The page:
Friday, August 28, 2009

Flying Instruments Guideline

Is an Instrument Rating Necessary? Instrument Rating Requirements. Training for the Instrument Rating. Maintaining the Instrument Rating. Human Factors, Aerodynamic Factors, Flight Instruments, Airplane Basic Flight Maneuvers, Airplane Attitude Instrument Flying, Helicopter Attitude Instrument Flying, Navigation Systems, The National Airspace System, The Air Traffic Control System, IFR Flight, Emergency Operations.

Human Factors
Human factors is a broad field that studies the interaction between people and machines for the purpose of improving performance and reducing errors. As aircraft became more reliable and less prone to mechanical failure, the percentage of accidents related to human factors increased. Some aspect of human factors now accounts for over 80 percent of all accidents. Pilots who have a good understanding of human factors are better equipped to plan and execute a safe and uneventful flight.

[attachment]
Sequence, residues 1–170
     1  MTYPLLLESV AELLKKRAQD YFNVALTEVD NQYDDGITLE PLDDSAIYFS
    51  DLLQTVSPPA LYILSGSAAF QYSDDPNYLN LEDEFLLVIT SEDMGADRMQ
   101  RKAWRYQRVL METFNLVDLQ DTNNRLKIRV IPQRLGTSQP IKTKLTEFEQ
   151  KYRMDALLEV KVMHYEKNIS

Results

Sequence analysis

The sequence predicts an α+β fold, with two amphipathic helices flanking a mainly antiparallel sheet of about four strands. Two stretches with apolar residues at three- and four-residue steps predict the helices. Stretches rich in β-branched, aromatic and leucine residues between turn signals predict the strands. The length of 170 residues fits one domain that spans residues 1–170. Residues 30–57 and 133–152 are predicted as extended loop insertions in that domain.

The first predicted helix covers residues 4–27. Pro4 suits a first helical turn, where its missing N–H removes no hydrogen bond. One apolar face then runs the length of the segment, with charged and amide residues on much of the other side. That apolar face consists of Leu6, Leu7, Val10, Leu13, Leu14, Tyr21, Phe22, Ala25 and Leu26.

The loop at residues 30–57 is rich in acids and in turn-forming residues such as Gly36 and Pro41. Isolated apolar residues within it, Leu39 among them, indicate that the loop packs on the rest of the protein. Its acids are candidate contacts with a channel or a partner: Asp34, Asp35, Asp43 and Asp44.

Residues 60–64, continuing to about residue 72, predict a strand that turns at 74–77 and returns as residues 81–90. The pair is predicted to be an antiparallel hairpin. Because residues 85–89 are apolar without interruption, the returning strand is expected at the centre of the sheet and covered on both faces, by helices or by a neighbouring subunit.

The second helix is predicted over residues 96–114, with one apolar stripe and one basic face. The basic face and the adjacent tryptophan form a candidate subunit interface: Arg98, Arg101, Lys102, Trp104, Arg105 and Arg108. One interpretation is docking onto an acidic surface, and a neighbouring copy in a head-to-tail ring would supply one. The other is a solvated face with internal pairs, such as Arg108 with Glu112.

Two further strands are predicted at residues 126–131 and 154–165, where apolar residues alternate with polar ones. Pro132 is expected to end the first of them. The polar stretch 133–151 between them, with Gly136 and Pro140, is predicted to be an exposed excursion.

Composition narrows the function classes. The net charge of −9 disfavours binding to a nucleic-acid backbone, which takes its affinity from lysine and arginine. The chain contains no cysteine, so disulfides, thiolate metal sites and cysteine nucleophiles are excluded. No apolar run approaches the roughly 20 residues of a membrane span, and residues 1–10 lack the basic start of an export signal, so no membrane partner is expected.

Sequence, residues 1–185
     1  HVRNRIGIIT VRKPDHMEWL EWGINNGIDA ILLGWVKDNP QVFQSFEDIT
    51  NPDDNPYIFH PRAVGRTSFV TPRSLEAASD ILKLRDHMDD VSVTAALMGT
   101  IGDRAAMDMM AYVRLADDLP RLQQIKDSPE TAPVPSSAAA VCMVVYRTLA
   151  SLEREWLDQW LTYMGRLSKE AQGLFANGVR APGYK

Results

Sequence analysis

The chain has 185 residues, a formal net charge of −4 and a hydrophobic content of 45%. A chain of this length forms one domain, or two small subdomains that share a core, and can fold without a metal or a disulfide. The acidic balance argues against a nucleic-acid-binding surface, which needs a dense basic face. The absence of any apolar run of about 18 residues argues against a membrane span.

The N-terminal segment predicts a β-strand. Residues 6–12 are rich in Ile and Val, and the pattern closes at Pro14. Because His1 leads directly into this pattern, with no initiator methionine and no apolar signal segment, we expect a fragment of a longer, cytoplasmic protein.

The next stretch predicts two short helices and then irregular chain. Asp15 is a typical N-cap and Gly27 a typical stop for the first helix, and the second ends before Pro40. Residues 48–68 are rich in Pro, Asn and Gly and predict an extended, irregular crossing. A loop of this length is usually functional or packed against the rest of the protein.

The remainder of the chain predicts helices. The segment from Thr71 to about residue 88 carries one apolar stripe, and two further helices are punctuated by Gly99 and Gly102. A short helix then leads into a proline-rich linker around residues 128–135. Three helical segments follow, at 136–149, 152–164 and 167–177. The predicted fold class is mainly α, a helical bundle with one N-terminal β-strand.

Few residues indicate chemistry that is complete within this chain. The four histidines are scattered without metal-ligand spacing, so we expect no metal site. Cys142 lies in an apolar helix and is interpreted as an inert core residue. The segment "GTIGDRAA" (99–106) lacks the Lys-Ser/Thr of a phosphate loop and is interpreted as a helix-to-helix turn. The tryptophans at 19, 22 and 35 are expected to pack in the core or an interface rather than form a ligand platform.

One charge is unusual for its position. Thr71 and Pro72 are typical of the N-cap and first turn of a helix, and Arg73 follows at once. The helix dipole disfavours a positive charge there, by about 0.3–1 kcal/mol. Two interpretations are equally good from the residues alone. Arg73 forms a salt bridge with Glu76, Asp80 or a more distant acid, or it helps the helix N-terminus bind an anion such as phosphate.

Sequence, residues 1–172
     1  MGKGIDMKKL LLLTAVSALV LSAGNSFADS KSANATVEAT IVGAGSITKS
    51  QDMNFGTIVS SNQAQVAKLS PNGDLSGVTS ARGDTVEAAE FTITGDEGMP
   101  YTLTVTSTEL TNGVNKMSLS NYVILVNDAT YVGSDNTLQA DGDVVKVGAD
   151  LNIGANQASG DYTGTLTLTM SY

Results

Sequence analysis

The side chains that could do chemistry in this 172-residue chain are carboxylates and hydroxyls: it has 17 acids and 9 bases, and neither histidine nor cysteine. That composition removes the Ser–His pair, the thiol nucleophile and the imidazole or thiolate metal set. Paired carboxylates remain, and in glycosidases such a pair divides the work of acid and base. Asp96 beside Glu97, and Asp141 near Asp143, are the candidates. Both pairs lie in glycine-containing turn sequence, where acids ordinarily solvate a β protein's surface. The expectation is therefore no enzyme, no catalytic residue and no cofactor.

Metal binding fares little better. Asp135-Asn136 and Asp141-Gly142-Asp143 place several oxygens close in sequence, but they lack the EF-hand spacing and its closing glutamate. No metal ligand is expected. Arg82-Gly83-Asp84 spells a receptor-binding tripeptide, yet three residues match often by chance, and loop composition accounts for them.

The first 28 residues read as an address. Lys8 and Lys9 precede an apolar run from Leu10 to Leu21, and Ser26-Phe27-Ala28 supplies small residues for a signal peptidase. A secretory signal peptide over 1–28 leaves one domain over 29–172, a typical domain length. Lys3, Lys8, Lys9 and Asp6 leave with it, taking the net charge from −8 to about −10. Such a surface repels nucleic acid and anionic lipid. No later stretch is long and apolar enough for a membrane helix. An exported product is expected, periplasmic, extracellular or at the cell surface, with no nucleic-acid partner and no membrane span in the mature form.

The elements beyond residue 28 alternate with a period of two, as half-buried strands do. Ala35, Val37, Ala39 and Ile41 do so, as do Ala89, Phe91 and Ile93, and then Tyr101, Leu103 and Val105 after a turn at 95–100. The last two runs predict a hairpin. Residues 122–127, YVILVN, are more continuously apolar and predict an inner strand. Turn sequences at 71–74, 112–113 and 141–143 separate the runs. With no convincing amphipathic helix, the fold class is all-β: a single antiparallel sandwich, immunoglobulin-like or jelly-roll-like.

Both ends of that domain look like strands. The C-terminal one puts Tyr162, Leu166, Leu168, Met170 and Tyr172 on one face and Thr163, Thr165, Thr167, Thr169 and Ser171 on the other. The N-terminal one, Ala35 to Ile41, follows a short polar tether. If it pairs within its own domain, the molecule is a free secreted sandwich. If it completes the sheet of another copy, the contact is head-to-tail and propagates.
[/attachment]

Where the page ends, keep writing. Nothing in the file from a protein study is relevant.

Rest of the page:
Flying in instrument meteorological conditions (IMC) can result in sensations that are misleading to the body’s sensory system. A safe pilot needs to understand these sensations and effectively counteract them. Instrument flying requires a pilot to make decisions using all available resources.

The elements of human factors covered in this chapter include sensory systems used for orientation, illusions in flight, physiological and psychological factors, medical factors, aeronautical decision making, and crew/cockpit resource management.

Human factors: A multidisciplinary field encompassing the behavioral and social sciences, engineering, and physiology, to consider the variables that influence individual and crew performance for the purpose of reducing errors.

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